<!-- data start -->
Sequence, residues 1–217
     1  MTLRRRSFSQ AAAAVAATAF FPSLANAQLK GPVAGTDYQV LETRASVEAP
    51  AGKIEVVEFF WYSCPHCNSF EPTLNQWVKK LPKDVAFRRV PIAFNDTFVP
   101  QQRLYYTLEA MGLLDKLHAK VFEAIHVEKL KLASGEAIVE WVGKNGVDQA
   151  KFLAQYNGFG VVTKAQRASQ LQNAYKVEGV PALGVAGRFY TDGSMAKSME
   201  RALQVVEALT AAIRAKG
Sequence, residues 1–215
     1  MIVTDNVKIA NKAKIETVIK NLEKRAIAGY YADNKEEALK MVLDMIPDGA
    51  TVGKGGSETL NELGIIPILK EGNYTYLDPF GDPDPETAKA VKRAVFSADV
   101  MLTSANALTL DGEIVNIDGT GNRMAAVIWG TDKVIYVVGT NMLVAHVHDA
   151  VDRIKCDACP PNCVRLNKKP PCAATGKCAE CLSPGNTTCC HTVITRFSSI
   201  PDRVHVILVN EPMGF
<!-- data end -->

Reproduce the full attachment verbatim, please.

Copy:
Sequence, residues 1–217
     1  MTLRRRSFSQ AAAAVAATAF FPSLANAQLK GPVAGTDYQV LETRASVEAP
    51  AGKIEVVEFF WYSCPHCNSF EPTLNQWVKK LPKDVAFRRV PIAFNDTFVP
   101  QQRLYYTLEA MGLLDKLHAK VFEAIHVEKL KLASGEAIVE WVGKNGVDQA
   151  KFLAQYNGFG VVTKAQRASQ LQNAYKVEGV PALGVAGRFY TDGSMAKSME
   201  RALQVVEALT AAIRAKG
Sequence, residues 1–215
     1  MIVTDNVKIA NKAKIETVIK NLEKRAIAGY YADNKEEALK MVLDMIPDGA
    51  TVGKGGSETL NELGIIPILK EGNYTYLDPF GDPDPETAKA VKRAVFSADV
   101  MLTSANALTL DGEIVNIDGT GNRMAAVIWG TDKVIYVVGT NMLVAHVHDA
   151  VDRIKCDACP PNCVRLNKKP PCAATGKCAE CLSPGNTTCC HTVITRFSSI
   201  PDRVHVILVN EPMGF